Op-ed: What Hoagland kept quiet about and why diplomats have tongues
On 23 August, the same day as the meeting between the Presidents of Russia and Armenia, the US co-chairman of the Minsk Group of the OSCE, Richard Hoagland, stated in an interview with the Armenian ‘Voice of America’ service the main principles of regulating the Armenian-Azerbaijani Karabakh conflict.
Hoagland’s words gave rise to a number of questions. Despite the fact that the Minister of Foreign Affairs of Armenia and the head of the Foreign Ministry of the unrecognized Nagorno-Karabakh Republic stated there is nothing new in the words of the American co-chairman, the Armenian society met the interview with hostility.
Read more on the matter in the JAMnews article: ‘OSCE MG Co-Chair’s statement stirs up heated debates in Armenia‘.
What Hoagland said is well-known though there are still some questions: why did he say all of this and what did he leave out?
The answer to the first question lays on the surface, and it’s supposedly because on 28 August, Hoagland’s authority is coming to an end and in transferring his authority to the new US co-chairman Andrew Shaffer, he conducted the procedure of ‘position surrendered, position accepted’.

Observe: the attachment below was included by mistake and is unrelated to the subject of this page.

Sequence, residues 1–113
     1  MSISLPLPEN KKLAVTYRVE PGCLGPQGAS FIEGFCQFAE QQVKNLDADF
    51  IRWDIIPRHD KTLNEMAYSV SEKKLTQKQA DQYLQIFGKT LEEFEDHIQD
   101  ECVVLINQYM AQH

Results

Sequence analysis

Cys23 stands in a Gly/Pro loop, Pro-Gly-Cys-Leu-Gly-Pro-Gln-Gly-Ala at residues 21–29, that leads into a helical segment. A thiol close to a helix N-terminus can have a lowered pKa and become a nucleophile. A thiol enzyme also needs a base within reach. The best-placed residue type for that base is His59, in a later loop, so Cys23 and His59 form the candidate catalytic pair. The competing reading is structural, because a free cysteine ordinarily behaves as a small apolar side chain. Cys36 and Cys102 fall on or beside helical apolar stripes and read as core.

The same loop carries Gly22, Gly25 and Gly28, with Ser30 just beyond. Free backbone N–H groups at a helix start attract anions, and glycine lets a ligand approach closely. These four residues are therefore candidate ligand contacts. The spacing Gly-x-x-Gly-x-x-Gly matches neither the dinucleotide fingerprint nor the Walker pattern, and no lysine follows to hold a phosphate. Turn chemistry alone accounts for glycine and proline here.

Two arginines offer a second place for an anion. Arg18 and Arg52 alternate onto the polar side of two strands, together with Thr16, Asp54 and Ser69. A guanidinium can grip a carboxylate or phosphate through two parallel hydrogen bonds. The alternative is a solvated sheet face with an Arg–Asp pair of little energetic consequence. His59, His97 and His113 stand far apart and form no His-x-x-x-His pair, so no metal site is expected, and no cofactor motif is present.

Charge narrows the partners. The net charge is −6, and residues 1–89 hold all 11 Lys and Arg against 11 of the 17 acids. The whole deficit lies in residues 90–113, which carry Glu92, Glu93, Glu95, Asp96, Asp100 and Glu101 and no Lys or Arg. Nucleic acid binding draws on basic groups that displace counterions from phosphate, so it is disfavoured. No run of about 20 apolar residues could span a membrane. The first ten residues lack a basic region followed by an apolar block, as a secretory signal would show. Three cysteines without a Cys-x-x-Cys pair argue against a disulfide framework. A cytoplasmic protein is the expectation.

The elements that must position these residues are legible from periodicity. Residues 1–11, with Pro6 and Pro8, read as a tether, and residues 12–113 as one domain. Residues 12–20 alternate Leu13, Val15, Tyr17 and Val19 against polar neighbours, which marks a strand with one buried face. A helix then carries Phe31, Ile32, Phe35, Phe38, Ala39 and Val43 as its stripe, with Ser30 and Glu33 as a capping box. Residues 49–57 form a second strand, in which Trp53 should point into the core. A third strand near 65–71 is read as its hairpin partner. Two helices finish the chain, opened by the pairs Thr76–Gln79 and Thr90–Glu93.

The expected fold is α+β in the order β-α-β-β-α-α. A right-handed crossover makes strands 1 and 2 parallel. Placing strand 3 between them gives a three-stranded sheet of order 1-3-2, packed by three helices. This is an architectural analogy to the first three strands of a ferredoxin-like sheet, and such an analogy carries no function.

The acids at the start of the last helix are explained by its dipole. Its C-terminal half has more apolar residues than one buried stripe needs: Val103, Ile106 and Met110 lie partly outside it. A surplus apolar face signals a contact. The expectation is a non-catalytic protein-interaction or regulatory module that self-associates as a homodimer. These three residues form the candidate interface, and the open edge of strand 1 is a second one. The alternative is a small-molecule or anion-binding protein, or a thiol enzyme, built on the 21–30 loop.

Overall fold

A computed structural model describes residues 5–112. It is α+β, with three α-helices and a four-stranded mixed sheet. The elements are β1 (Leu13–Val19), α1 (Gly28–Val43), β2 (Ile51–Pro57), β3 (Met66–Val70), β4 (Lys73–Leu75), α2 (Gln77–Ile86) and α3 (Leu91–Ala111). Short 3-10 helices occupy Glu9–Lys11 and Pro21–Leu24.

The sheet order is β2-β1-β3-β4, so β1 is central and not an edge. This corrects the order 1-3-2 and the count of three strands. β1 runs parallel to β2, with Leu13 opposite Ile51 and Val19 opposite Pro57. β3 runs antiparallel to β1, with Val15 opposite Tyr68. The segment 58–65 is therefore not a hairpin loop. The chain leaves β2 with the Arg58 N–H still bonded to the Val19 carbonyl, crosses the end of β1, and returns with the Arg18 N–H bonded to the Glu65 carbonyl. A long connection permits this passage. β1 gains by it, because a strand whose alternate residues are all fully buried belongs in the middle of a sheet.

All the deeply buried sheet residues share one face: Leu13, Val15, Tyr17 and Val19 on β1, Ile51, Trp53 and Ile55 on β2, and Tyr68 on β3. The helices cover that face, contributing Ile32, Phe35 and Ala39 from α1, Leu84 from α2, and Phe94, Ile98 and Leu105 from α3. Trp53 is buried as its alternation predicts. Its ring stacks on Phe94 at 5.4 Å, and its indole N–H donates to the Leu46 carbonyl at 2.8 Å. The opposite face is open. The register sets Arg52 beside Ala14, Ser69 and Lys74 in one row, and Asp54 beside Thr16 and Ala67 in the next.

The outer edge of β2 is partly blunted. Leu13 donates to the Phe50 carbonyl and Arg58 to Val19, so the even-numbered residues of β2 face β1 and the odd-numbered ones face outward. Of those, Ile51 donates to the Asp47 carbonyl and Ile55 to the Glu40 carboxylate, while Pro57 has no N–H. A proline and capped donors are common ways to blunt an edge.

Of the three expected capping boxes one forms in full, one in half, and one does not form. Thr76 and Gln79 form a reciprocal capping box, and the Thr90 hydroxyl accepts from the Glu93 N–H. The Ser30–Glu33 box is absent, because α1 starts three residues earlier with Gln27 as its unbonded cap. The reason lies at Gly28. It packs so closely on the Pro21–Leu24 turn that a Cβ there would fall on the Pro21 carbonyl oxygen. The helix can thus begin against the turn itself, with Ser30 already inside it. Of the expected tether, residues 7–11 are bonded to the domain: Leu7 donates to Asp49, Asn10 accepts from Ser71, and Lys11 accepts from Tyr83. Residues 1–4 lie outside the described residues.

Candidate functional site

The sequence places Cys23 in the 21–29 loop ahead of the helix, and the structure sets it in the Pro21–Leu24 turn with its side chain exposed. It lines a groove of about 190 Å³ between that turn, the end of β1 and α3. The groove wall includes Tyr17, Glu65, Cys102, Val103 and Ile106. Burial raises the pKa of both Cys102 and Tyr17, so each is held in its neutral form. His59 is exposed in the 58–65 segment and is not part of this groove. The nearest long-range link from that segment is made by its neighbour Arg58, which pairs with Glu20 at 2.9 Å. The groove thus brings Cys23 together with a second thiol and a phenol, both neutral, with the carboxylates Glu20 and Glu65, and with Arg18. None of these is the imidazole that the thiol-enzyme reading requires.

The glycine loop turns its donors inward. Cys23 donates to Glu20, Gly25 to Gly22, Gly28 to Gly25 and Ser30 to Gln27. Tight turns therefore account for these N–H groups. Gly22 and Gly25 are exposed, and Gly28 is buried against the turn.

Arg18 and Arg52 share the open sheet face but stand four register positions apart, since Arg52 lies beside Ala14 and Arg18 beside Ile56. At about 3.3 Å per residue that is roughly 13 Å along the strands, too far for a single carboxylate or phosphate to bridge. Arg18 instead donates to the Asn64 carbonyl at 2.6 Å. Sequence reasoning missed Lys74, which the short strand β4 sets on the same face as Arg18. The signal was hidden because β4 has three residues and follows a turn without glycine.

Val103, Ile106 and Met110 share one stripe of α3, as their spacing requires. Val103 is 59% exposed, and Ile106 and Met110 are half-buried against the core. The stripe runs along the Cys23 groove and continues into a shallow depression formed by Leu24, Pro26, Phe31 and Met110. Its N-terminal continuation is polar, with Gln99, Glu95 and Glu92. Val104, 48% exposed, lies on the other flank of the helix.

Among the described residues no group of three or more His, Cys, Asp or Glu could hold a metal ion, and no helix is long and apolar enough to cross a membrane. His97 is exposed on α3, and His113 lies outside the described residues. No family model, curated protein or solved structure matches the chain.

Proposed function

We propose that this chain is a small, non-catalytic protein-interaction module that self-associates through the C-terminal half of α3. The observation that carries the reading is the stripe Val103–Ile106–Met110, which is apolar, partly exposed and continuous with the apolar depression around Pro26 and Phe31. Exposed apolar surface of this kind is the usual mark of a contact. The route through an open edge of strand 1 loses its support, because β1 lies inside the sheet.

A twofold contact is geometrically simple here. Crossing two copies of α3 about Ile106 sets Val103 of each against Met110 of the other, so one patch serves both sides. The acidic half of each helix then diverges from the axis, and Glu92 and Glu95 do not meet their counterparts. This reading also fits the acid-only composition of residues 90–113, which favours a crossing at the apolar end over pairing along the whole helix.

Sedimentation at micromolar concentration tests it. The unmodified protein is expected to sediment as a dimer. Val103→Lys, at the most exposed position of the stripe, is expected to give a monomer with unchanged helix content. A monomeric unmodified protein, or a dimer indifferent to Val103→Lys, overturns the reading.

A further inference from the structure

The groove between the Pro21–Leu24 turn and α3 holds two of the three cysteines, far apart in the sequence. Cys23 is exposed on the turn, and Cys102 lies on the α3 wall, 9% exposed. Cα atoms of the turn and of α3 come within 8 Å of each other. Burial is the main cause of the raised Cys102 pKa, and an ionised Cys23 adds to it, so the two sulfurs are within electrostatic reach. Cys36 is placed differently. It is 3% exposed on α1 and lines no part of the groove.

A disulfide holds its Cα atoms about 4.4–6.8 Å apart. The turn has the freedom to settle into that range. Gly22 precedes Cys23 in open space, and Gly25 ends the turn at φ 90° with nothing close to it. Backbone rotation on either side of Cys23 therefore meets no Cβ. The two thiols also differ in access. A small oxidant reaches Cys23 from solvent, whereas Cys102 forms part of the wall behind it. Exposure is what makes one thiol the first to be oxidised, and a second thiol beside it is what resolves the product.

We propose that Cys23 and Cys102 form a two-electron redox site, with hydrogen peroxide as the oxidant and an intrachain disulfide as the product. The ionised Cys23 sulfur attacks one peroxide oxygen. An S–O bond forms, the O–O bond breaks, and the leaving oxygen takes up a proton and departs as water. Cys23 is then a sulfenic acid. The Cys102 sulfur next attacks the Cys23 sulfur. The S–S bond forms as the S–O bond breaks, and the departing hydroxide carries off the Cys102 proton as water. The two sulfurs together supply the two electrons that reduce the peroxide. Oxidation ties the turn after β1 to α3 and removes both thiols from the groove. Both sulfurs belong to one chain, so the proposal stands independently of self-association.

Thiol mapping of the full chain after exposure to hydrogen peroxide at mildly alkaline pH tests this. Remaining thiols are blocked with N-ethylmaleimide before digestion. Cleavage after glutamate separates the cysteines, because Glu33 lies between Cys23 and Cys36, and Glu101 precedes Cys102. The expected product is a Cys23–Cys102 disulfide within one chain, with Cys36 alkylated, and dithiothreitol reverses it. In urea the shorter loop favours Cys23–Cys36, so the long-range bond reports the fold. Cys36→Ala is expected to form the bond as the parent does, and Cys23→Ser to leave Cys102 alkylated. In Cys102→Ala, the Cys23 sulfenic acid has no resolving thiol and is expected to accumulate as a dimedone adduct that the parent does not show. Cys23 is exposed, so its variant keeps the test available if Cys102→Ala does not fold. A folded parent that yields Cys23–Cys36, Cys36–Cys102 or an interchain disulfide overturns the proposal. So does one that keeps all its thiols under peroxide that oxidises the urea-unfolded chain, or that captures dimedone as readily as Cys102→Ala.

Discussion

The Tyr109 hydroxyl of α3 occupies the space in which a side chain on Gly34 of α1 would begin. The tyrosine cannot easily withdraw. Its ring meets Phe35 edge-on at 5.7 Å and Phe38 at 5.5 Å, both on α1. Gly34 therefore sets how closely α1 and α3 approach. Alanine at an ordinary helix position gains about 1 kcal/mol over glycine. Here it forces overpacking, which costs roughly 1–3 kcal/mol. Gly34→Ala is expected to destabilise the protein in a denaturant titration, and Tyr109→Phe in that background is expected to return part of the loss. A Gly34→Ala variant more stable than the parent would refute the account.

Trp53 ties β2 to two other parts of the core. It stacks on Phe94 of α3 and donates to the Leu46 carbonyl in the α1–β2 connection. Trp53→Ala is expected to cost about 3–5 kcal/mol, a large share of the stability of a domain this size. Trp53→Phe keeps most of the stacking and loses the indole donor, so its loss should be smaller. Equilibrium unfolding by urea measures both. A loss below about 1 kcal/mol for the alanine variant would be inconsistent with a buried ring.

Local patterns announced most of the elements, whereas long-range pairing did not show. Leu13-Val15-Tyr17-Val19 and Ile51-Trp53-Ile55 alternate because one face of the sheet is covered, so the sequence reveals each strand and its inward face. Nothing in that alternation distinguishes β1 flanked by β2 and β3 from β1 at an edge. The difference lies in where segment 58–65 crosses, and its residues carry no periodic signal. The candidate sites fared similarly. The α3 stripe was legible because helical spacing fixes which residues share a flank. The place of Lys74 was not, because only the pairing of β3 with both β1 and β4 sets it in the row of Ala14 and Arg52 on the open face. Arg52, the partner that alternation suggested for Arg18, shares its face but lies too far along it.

But there are other questions here. As far as I remember, not a single former co-chairman ever ‘passed the baton’ in such a fashion.
What forced the American diplomat to make the position of the USA (an amateur performance is definitely excluded) known, and why specifically on the day of both the meeting between Putin and Sargsyan and on the day of the interview with the Armenian service of the Voice of America? Did he want to deliver a message to the Armenian society? If yes, then one must admit that he was successful in doing this.
The authorities of both Armenia and Azerbaijan claim that they both accept – in principle – the Madrid principles, put forward by mediators of the Karabakh conflict, and they claim that all there is left to do is to make some technical adjustments.
But in actuality, neither the Armenian authorities nor the authorities of Azerbaijan are doing anything in order to clarify to society what is hidden behind these principles, and for what they must be ready if tomorrow a peace agreement will be signed on the basis of these agreements.